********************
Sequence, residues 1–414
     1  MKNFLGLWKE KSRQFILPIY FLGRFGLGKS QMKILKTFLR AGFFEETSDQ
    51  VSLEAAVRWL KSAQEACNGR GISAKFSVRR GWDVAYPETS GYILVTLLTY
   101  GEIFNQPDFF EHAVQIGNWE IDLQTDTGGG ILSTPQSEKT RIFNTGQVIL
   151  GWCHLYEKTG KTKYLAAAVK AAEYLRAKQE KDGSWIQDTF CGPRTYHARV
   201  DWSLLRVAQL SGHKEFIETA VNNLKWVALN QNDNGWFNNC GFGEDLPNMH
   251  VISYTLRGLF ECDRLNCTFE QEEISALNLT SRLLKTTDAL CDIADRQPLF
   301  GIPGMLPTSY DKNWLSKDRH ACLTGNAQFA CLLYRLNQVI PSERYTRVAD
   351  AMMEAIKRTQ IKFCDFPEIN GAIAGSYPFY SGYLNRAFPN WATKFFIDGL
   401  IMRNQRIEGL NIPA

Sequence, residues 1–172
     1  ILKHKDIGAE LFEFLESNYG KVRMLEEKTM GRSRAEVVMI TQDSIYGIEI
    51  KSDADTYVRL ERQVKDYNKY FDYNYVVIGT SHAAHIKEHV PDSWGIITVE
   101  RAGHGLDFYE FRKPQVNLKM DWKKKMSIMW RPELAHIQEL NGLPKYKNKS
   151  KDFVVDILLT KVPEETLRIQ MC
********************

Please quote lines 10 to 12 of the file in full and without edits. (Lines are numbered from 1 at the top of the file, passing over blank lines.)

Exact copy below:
   401  IMRNQRIEGL NIPA

Sequence, residues 1–172
     1  ILKHKDIGAE LFEFLESNYG KVRMLEEKTM GRSRAEVVMI TQDSIYGIEI